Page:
As I said before, I personally did not think that the photo they brought in was right for a cover shot - it lacked "punch" - and what both I and the record company wanted for this cover was Jim Morrison out front. Remembering that the album cover budget was set by Elektra - although, based on The Doors' record sales, they could have had almost anything they wanted - I set about working on this new cover project.
It took about a week to come up with my cover idea, going
through hundreds of photos looking for a "better" front cover or, if
not, at least some other good shots for the back. I had found two separate
photos taken by Bill Harvey of the band in
When The Doors first came to me to put this cover together, they'd hoped that I would use the Edmund Teske black & white photo for the cover, and other photos of the band for the back cover. When they saw what I created for the cover, though, they were all blown away! Right then, all were in agreement that it should be used as their first "Best Of" album cover. The Doors absolutely loved the cover, and I was told later by Jac Holtzman - the owner of Elektra Records - that Jim later came into his office and told Jac to "take care of me" as I was very talented!
One interesting Doors-related side note – a few months before working on the 13 cover project, when the band came to NYC to play some concerts at Bill Graham’s Fillmore East, I had a backstage photographer’s press pass and photographed all their concerts in NYC . I was in the front of the crowd below the stage taking photos of the Doors with my fellow photographer buddy, Linda Eastman (of the Eastman Kodak family). She chided me that she was going to marry one of these stars one day! I was like “Yeah, sure you will, Linda!” Of course, it turned out that she married Paul McCartney a few years later, and the joke was on me! I did get something more from that experience, though – I used two of my photos of Jim Morrison from this concert on the inside gatefold of The Doors Absolutely Live cover.
About our interviewee, the talented Mr. Bob Heimall -
He spent the next five years working at ad agencies in the winter and surfing in the summer until an employment agency placed him at Elektra Records. His portfolio as a graphic designer impressed the company and he worked up the ladder. “After that, I didn’t go surfing any more,” he said. “I threw everything I had into a career, because I loved it.”
Indeed, it was an enviable gig. He’d listen to a tape made at the end of recording sessions — before mixing, mastering and pressing — to interpret the music and make a graphic image for the album art.
In one of his most important decisions, Heimall chose a stark, black and white photograph of Patti Smith with a jacket over her shoulder for her album titled “Horses.” The photo was taken by Robert Mapplethorpe, who was living with Smith at the time. Heimall added the simplest text he could find to keep the photo’s mood intact. The text went on the top third of the album, a standard visibility rule since records were sold in step-down bins at the store. Rolling Stone magazine later chose it as one of the Top 100 album covers of all time.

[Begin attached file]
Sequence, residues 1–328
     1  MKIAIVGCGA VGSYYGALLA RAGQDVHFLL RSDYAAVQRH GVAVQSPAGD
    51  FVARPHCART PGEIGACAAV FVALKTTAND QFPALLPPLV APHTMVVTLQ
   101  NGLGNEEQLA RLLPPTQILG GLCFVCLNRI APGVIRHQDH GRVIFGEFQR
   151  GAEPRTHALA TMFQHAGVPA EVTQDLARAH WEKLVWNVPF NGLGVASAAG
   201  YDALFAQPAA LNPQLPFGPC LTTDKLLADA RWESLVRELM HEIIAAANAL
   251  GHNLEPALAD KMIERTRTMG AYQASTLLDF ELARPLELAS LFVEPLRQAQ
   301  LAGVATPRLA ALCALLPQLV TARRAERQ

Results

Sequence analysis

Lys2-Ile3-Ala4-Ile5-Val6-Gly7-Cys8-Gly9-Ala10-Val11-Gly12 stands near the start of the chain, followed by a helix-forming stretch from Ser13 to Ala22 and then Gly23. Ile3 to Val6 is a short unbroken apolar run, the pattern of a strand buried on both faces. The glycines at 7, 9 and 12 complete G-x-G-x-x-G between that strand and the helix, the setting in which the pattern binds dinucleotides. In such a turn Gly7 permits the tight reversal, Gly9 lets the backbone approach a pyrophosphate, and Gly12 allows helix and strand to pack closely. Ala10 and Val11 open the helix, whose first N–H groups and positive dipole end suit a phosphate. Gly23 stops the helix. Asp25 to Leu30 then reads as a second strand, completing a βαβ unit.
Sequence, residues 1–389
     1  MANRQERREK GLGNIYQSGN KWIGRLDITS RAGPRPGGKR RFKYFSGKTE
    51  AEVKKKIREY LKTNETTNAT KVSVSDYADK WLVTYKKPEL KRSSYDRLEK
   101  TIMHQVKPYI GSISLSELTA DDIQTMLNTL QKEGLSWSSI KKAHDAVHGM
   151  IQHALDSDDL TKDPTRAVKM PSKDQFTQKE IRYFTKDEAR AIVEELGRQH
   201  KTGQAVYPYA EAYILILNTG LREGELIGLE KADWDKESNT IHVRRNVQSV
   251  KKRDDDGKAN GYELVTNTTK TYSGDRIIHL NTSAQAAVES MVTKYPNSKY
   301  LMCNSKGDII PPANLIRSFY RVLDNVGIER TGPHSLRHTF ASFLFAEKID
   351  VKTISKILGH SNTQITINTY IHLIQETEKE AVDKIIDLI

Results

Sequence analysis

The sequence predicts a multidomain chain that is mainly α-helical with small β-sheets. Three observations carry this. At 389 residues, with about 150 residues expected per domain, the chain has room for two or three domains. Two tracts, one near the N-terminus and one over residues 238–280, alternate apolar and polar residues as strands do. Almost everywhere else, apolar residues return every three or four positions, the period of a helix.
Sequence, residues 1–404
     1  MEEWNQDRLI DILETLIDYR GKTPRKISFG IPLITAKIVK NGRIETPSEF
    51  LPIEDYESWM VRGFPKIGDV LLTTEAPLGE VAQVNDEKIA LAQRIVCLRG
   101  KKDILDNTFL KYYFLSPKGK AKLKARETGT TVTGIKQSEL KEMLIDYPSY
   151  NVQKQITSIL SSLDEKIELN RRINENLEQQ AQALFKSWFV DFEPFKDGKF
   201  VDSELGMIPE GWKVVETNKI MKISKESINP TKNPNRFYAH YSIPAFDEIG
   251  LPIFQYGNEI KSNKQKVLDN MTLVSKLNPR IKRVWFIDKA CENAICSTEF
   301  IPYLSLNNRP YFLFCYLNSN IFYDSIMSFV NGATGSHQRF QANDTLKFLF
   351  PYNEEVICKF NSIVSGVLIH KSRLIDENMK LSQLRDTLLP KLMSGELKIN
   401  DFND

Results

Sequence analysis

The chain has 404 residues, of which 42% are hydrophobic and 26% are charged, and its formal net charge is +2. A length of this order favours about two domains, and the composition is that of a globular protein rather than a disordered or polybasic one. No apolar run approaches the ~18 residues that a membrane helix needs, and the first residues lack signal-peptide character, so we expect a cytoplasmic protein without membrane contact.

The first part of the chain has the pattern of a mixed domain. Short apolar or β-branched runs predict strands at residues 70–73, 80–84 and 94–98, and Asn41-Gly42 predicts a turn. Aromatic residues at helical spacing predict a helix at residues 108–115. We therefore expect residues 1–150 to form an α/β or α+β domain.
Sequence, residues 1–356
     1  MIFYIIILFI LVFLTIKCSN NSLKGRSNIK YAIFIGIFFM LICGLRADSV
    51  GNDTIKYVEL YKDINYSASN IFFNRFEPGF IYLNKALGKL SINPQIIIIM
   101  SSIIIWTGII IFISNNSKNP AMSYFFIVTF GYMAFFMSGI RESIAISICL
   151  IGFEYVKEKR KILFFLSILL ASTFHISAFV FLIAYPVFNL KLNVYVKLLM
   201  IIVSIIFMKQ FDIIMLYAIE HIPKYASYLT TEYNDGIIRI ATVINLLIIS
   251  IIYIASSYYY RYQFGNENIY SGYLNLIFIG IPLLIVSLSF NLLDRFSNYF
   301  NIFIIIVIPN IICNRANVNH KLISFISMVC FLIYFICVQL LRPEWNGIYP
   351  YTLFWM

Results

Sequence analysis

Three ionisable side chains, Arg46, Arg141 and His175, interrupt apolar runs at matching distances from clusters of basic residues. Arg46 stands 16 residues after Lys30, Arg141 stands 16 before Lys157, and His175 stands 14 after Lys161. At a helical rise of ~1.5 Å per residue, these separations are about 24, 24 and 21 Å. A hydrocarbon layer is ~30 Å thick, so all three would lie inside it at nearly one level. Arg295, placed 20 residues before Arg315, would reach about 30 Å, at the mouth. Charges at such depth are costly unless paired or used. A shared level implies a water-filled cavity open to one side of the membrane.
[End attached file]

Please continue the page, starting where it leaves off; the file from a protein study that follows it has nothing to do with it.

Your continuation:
After five years at Elektra,
Heimall moved on to successful stints at Arista, Polygram and Lifesong Records
and then his own studio in
Years later, the advent of computers “changed everything,” said Heimall, who was used to laying out album art on a board. “I had to learn a whole new technology,” he said. Record company secretaries could take photos and enter album text on software, essentially sweeping work away from Heimall’s trained eye. What’s more, the diminutive size of compact discs didn’t match the grand canvas that LPs once provided, and since then, the record business is “not doing well” as mp3 downloads and online song purchases take hold and miniature album art images are used only to index what’s on your iPod, he said.
Still, Heimall is
optimistic that listeners will download album art to accompany their tunes.
“You still need a visible image,” he said. During his career, Bob has been featured on
“60 Minutes”, “Dateline”, and taught at Pratt Institute and the
In addition, Bob’s work for Carly Simon's No Secrets LP is on permanent collection at The California Museum of Science and Industry “Electronic Media Exhibit”, and his ongoing work as a commercial photographer captures his passion for “impressionistic” painting and photography. Since 1980, he’s been President of Bob Heimall Graphics in Sussex, NJ, a company that designs and develops packaging for CD’s, videos, DVD’s, book covers, advertising, logos, brochures, sales promotion, etc.
To see more of Bob's work and to learn more about what he's up to these days, please visit his web site at
I want to extend a special "thank you" to Dan Forth of ClassicRockForever.com - as well as his daughter, Amanda - for their help in arranging this interview and sharing it with his site's readers/visitors - Thanks, Dan and Amanda!
All images featured in this UnCovered story are Copyright 1970 - 2009, Bob Heimall Photography - All rights reserved. Except as noted, all other text Copyright 2009 - Mike Goldstein & RockPoP Gallery (www.rockpopgallery.com) - All rights reserved.